A 19-year-old girl was admitted to our hospital with a 7-day history of fever and headache since an episode of one day’s exertion, and two days of weakness. Seven days before clinical presentation, the girl had developed a headache, sore throat, bucking, vomiting and fever after one day’s hard work. Consequently, she went to the local hospital, and after several days of symptomatic treatment, only the temperature dropped slightly. She therefore came to our hospital for further diagnosis and treatment. The patient had a history of recurring joint swelling, chilblains and alopecia. Her personal history was unremarkable, and no similar symptoms were found in her family. When she was transferred to our hospital, she was in a state of sleepiness, dysarthria, dysphagia and fever, with a body temperature of 37.8 °C, while an examination of the heart, lungs and abdomen revealed that they were normal. A neurological examination revealed a horizontal nystagmus and a limitation of bilateral eye movement when looking up and down. She also showed difficulty in raising the jaw, accompanied by a weak pharyngeal reflex. Muscle strength was remarkably decreased in all four extremities, with upper limbs having an MRCS grade of 4/5, while it was 0/5 in the lower limbs. Hypotonia was apparent in the lower extremities. Regarding the patient’s subjective sensation, she appeared to exhibit an increased sense of pain in the whole body, and especially in the cervical region, abdomen, and feet. An examination of shallow reflex documented a reinforcement of the abdominal reflex. Deep tendon reflexes were symmetric: absent in the lower, normal in the upper extremities. The patient also had a stiff neck with a positive Kernig’s sign.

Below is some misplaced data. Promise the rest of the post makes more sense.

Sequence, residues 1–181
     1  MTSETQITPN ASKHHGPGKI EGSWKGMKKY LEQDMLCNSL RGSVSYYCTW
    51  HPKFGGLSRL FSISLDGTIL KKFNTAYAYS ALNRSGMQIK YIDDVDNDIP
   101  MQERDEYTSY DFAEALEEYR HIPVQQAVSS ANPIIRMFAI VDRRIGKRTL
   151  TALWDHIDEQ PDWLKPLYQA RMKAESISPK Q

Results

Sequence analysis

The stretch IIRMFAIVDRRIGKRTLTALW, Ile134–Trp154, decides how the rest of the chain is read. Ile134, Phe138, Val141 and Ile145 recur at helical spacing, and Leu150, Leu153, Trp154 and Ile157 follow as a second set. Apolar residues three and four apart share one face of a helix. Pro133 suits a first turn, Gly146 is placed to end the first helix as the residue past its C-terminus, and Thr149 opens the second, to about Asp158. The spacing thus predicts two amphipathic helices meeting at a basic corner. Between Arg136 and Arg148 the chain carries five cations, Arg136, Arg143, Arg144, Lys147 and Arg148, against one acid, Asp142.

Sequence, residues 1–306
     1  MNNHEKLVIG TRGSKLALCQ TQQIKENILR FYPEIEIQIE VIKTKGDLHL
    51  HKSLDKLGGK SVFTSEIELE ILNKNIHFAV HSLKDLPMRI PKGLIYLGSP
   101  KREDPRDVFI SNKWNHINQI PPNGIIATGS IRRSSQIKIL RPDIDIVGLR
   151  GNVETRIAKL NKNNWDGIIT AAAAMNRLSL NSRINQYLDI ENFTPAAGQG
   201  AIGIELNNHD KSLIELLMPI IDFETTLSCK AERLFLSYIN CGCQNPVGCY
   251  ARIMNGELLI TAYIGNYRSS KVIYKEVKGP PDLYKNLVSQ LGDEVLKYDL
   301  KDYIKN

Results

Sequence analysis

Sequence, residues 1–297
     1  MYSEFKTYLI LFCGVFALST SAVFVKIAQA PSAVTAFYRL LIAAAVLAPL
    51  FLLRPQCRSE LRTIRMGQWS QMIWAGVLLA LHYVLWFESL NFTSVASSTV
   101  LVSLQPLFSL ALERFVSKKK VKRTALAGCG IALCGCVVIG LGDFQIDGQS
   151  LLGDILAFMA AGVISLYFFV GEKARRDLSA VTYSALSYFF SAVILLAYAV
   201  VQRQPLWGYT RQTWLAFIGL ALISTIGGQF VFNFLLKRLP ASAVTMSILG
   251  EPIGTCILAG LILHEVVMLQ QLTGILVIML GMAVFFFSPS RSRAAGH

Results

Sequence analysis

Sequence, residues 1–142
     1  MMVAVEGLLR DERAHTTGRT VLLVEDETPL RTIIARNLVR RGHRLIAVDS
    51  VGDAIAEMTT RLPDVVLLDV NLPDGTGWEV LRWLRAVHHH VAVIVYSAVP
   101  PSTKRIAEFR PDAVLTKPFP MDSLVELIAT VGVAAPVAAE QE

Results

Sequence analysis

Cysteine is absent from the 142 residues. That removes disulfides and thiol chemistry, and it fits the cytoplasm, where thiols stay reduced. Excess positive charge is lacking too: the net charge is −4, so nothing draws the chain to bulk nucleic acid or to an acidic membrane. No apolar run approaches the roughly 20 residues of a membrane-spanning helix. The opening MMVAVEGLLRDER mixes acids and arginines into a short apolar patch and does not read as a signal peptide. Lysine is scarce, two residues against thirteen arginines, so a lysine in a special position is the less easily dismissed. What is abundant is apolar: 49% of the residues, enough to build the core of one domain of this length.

Laboratory examination revealed elevated inflammatory indicators, with a white blood cell count of 8.41 × 109/L(normal range 4–10 × 109/L), NE% of 87.8%(normal range 50–70%), erythrocyte sedimentation rate of 72 mm/h(normal range 0-20 mm/h), and C-reactive protein concentration of 44.50 mg/L(normal range 0–8 mg/L). Quantitative serum analysis revealed the presence of 676.21 IU/ml of anti-dsDNA antibodies (normally < 100 IU/ml), with a titer of 1:40. Furthermore, the results for the anti-nRNP/Sm, anti-dsDNA, anti-ANuA, anti-AMA M2 antibody and IgM antiphospholipid antibody were all positive (normal being negative). The titer of the speckled anti-nuclear antibody was 1:640. The results of quantitative analysis for serum complement components 3 and 4 were 0.47 g/L and 40.05 g/L, respectively (normal range 0.9–1.8 g/L and 0.1–0.4 g/L, respectively). Simultaneously, rheumatoid factors were present at 23.70 IU/m (normally < 20 IU/m). Lumbar puncture revealed a cerebrospinal fluid pressure of 220mmH2O (normal range 80–180 mmH2O), with elevated protein at 775.79 mg/L (normal range 150-450 mg/L), IgG at 224.00 mg/L (normal range 0–34 mg/L), and a leukocyte number of 110 × 106/L (normal range 1.5–4.0 × 109/L). By contrast, tests for tumor cells and bacterial, viral, or fungal infection of CSF were all negative. Other indicators, including anti-aquaporin 4 antibody, the serum IgG oligoclonal band, and antibodies related to paraneoplastic symptoms of CSF were negative (normal). The EEG documented a significant amount of bilateral hemispheric slow waves with a moderate amplitude. The MRI comprising coronal T2 flair magnetic resonance and axial T2 weighted imaging showed diffuse swelling and high signal intensities involving the medulla oblongata (Fig. 1a and b. On sagittal T2 weighted imaging, high intensity signals were found in the medulla oblongata and thoracic spinal cord (Fig. 2a and b). In addition, axial T2 weighted imaging and the magnified image of the thoracic spinal cord revealed a small rough high signal in the bilateral anterior horn showing an“owl’s eye” sign (Fig. 3. At the same time, CT angiography from the cervical region to the skull base was normal. According to the clinical features, laboratory examination and imaging results, SLE was confirmed, and after ruling out other possible diseases, NPSLE was finally diagnosed. Intravenous immunoglobulin (400 mg/kg, Qd, for 5 days), methylprednisolone (1000 mg/day for 3 days, followed by 500 mg/day for another 3 days, and 250 mg/day for another 3 days), cyclophosphamide (400 mg weekly), and aspirin (100 mg/day) were administered for therapy. The patient’s eye movement, dysarthria and dysphagia recovered obviously within a week. The mobility of the soft palate normalized completely and the muscle strength of the lower limbs improved to grade 2/5 within 22 days. At the 3-month follow-up, the patient’s neurological deficit was completely resolved with weekly i.v. pulsed cyclophosphamide (400 mg/week) and prednisolone (20 mg/day). From then on, the patient was able to walk independently.